At first I liked the druid, because the first spell he gets is a healing spell, Gemberry. He also gets Calm to remove status effects. By healing yourself you can prevent yourself from losing, which means you eventually win. Unfortunately the druid isn't very good at damaging his opponents. His battle stat, increasing the damage from skulls, costs 3 points. And he doesn't get all that many or all that good damage dealing spells, only Forest Fire in the demo. Against the harder runemaster opponents the fights always took very long, and when the opponent had a way to heal himself they got downright unwinnable.
The knight is a bit better. For him the battle skill costs only 1 point, so by putting lots of points there he has a good damage potential. His spells are a mix of many different types. Board manipulation, like getting all the experience point purple stars with the "Divine Right" spell, or destroying a gem that's in the way with "Thrust". A limited way to gain life with the favor spell (Every time you gain experience, 50% chance of gaining +1 life. Obvious combo with Divine Right.). And the knight gets the awesome Stun spell, which both damages the enemy and lets him lose a turn. But as the knight gains mana slower than a druid or wizard, he'll still be doing most of his damage with lining up skulls. The knight is a kind of hybrid class, although more leaning towards melee.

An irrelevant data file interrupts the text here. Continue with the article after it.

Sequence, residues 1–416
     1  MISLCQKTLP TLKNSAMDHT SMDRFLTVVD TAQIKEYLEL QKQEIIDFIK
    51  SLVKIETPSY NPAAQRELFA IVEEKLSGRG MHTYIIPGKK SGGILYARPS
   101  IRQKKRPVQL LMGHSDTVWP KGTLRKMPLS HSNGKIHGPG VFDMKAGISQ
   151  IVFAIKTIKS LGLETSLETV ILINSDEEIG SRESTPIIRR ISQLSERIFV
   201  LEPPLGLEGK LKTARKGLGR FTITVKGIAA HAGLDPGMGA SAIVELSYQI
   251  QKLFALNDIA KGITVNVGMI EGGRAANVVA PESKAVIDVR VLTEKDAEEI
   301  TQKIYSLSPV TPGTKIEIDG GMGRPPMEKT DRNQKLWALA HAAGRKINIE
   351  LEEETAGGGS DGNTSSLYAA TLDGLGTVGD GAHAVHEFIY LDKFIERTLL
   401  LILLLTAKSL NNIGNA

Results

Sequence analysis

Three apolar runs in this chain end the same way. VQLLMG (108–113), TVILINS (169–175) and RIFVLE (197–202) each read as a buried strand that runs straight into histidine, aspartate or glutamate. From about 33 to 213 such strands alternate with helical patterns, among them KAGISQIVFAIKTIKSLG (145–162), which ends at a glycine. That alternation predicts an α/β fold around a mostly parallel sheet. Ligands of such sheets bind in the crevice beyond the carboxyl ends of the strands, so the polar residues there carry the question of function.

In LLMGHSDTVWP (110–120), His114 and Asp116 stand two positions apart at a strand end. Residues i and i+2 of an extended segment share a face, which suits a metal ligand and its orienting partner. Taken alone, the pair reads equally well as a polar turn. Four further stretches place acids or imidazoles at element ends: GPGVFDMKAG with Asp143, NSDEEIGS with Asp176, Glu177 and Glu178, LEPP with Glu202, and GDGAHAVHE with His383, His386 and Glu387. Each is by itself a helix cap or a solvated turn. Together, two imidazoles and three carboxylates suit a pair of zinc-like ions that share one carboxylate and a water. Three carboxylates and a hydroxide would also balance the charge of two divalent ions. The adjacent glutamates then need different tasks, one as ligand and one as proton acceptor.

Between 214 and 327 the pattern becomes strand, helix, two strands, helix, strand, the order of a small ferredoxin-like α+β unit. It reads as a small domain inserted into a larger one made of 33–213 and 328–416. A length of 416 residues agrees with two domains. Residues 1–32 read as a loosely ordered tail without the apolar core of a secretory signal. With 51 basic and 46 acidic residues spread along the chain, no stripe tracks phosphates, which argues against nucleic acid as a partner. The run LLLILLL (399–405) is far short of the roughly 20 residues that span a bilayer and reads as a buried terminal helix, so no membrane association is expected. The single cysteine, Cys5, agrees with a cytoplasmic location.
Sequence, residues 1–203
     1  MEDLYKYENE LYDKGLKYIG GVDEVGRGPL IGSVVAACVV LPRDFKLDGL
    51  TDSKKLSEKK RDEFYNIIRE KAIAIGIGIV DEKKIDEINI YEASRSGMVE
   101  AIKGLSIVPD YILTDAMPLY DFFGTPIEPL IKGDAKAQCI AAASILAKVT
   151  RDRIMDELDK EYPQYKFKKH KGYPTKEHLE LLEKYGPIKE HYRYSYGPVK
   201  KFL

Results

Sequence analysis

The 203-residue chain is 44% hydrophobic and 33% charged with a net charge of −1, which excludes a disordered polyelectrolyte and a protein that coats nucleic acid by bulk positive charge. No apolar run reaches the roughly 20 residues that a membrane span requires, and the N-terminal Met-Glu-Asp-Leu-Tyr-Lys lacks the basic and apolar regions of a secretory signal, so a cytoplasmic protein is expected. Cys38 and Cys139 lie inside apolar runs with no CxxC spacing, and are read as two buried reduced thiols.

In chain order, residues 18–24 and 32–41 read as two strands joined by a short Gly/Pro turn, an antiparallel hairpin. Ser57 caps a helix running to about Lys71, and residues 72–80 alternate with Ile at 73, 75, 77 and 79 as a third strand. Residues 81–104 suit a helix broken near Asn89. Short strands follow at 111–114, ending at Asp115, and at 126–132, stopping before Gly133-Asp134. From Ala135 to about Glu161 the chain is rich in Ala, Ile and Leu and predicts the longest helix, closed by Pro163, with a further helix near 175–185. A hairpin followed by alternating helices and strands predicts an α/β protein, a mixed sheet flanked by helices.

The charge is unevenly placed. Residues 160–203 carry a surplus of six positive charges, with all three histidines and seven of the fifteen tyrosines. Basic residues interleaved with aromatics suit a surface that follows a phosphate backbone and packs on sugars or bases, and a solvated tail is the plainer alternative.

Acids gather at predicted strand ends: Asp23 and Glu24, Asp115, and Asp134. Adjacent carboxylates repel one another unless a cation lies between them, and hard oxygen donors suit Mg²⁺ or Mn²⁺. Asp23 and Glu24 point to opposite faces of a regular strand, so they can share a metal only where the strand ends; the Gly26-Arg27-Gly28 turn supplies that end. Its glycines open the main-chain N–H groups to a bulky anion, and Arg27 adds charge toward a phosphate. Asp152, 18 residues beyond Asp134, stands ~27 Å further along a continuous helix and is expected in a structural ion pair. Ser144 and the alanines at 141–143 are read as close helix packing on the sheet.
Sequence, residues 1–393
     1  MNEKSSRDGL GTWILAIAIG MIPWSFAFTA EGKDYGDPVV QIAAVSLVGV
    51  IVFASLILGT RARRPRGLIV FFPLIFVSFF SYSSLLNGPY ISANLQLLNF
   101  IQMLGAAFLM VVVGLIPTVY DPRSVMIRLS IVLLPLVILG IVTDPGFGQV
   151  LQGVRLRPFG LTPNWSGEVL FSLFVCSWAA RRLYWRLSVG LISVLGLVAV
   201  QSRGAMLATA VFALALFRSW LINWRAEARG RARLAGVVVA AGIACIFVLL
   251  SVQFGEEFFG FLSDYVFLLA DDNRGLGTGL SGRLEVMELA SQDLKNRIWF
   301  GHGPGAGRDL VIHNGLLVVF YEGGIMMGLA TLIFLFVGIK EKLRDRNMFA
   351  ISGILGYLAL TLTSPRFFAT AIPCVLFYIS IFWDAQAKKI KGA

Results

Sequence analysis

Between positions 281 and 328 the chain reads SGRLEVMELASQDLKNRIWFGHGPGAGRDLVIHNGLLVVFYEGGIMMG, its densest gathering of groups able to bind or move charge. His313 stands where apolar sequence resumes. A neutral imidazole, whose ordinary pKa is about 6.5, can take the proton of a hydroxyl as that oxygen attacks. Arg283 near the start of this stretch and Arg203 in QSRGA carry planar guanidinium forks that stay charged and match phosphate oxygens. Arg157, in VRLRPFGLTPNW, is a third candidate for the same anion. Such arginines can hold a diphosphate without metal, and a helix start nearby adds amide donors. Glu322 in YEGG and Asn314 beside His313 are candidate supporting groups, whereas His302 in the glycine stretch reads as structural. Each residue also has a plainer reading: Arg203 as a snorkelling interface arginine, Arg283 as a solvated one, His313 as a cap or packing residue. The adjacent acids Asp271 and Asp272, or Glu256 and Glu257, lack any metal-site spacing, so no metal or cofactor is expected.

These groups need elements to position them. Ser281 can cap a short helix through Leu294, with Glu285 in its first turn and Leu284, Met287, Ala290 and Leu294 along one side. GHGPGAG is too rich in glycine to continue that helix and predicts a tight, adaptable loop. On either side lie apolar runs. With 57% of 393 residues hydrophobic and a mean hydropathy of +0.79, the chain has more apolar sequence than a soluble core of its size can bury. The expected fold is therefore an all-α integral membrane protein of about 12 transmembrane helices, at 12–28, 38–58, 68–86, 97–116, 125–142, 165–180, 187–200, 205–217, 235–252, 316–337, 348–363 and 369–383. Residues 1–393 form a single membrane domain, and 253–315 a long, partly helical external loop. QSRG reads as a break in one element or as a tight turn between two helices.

The warrior is probably easiest to play, I think I'll chose that class for my first "real" game when I get hold of my copy. The warrior is another class where the battle skill only costs 1 point, so if you are good at lining up skulls on the board, you'll deal tons of damage. And again mana gaining is slower than the caster classes. But his spells come in only two flavors: dealing damage and manipulating the board. Against some harder enemies I was able to win by simply constantly denying them the blue and yellow mana they needed for their abilities, which is easy with a Wild Lore spell (Destroy all blue and yellow gems.) Such mass destruction spells of certain gem types also increase the concentration of the other colors, which if correctly pulled of can give awesome chain reactions.